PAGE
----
Snotgirl Vol.1 - Green Hair Don't Care
Bryan Lee O'Malley, writer; Leslie Hung, artist
Image Comics, 2017
Snotgirl is Lottie Person, a glamorous fashion blogger--except for the extreme allergies she keeps secret (which explains the snot). So it's not nearly as gross as it sounds; in fact the allergies humanize a character who is otherwise all about surface impressions. On the surface, she's gorgeous and successful. Behind that mask, she is lonely and full of insecurities. Looking at her friends, she has good reason for the insecurity. They're mostly fellow fashion bloggers, so they are also all about presenting a beautiful front at all costs. And they tend to turn on one another in a heartbeat if it will gain them social media points.
Those allergies play a key role in a major plot point. Lottie starts taking an experimental allergy medication, and while there's no discussion about the possible side effects, the bottle contains the ominous warning "Do not operate heavy machinery or make important life decisions." As things develop, it starts to become increasingly difficult for her to believe her own memories of events. She makes a new friend, who may or may not have died during a night out together--and when she reappears, is she even real? Or was she ever?
Lottie has become the quintessential unreliable narrator: there's simply no way for her (or us) to trust the evidence of her senses. By the end of these first five issues in the series that has become the main story driver. It will be my main reason for following the series going forward, because the characters tend to be pretty unlikable. I can readily stipulate that I'm probably not the target demographic, since it seems strongly focused on contemporary young adults. Not being one of those (or a professional blogger, if that's even a thing), I frequently found it hard to relate to the characters. There have already been moments of humanity for some of them, so I have hope that they will become richer as the series progresses..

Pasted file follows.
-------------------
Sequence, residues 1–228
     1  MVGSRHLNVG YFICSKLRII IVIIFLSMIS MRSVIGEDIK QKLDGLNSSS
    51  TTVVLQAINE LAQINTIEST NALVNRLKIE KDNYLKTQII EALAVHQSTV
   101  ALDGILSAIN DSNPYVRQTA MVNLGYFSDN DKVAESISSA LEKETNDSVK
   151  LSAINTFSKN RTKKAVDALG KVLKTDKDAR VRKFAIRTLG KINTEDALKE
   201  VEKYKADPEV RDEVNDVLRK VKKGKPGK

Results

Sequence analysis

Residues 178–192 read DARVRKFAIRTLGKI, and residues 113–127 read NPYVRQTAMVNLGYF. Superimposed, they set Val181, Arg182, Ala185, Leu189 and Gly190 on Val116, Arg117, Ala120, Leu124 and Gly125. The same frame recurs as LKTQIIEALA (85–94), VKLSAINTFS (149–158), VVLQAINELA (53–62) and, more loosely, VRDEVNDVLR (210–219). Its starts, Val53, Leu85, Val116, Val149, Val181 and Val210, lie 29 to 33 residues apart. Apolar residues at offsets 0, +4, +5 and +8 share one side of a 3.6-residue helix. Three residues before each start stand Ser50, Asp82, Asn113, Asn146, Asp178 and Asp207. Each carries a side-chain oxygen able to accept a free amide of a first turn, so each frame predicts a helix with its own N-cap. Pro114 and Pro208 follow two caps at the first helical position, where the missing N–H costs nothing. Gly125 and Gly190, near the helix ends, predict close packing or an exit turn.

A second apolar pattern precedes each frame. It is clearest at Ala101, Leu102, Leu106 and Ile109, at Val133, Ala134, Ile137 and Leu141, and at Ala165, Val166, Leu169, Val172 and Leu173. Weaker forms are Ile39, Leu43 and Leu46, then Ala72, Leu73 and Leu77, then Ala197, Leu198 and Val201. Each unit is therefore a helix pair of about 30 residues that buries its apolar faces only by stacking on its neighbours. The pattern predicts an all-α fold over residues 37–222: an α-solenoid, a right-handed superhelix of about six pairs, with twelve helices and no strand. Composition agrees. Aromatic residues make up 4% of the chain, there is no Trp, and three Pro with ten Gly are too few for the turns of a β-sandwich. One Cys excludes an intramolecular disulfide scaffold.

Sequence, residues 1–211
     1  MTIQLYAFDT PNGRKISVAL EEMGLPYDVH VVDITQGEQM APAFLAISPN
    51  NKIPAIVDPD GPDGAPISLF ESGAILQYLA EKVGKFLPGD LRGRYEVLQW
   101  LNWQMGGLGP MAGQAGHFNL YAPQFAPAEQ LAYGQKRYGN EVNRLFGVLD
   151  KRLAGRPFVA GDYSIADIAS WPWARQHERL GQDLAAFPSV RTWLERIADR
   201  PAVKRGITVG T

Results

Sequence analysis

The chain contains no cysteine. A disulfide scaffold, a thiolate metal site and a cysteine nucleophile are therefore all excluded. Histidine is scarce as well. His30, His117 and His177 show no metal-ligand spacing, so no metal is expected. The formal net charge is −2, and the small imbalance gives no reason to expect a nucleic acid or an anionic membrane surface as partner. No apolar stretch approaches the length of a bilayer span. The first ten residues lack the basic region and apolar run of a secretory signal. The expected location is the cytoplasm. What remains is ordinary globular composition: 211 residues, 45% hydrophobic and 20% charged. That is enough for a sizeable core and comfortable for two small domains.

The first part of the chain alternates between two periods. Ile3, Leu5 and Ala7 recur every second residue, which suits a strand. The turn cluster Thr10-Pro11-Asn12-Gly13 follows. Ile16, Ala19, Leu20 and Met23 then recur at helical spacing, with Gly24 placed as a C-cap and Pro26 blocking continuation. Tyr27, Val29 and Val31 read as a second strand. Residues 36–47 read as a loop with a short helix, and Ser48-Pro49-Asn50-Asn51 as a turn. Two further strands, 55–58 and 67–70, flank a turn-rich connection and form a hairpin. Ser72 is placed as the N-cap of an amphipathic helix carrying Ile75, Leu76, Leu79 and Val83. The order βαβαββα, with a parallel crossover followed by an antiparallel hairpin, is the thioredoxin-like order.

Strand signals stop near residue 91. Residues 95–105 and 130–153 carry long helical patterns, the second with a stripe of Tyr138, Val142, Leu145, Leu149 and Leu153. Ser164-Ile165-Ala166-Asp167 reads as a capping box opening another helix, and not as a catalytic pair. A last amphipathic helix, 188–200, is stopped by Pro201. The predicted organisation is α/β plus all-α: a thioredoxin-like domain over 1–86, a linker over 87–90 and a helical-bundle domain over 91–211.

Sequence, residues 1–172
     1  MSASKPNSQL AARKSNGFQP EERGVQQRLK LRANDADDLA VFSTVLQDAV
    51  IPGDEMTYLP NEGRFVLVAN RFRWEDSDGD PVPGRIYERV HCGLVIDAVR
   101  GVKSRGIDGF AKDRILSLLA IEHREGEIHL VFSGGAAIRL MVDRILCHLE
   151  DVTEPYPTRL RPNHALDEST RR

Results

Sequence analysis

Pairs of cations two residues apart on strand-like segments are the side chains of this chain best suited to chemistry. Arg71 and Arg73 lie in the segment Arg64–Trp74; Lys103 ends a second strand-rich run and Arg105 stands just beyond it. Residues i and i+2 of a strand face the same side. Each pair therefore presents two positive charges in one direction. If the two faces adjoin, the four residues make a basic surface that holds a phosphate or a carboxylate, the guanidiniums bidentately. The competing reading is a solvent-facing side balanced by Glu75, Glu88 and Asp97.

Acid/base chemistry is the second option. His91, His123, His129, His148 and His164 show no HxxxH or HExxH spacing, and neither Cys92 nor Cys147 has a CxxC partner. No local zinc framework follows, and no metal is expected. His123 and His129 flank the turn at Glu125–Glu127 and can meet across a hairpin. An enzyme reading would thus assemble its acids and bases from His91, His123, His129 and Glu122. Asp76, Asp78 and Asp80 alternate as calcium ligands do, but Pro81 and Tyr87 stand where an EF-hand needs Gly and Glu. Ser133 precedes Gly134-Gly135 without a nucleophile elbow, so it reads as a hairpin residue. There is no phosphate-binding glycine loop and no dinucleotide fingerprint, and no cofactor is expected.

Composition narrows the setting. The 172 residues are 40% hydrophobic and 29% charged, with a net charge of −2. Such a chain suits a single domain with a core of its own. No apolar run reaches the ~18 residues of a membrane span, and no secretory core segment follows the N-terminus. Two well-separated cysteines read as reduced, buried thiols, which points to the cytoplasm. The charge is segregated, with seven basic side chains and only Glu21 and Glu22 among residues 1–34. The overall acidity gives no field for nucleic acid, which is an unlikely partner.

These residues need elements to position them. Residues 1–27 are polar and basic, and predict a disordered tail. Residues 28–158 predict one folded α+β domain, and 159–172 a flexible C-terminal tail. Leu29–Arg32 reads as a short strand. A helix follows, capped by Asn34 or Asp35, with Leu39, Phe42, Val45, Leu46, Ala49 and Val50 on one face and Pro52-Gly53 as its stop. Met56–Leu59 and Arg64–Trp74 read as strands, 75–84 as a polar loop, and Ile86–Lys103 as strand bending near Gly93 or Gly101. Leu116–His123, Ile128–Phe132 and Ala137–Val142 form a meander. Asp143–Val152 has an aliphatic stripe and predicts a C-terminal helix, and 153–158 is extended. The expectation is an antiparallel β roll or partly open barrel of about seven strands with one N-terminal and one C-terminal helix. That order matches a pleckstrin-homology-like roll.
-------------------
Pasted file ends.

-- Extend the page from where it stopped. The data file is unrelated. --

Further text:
Almost forgot to talk about the art. Hung seems like a perfect match for this story. Her art is like a manga-influenced version of an Archie comic. A bit more representational than O'Malley's cartooning on previous comics like the Scott Pilgrim series, but along the same lines.
I remember reading the first issue and deciding not to pursue the series. The art was fine -- I agree to all your points about it -- but evidently I have a lower tolerance for superficial characters. I find it hard to enjoy a series when I'm rooting for everyone in it to fail.
That being said, I'm always interested when someone enjoys something I don't, to see what it is I'm missing. Doesn't sound like I missed anything here, but I'll be curious to hear your comments if you continue.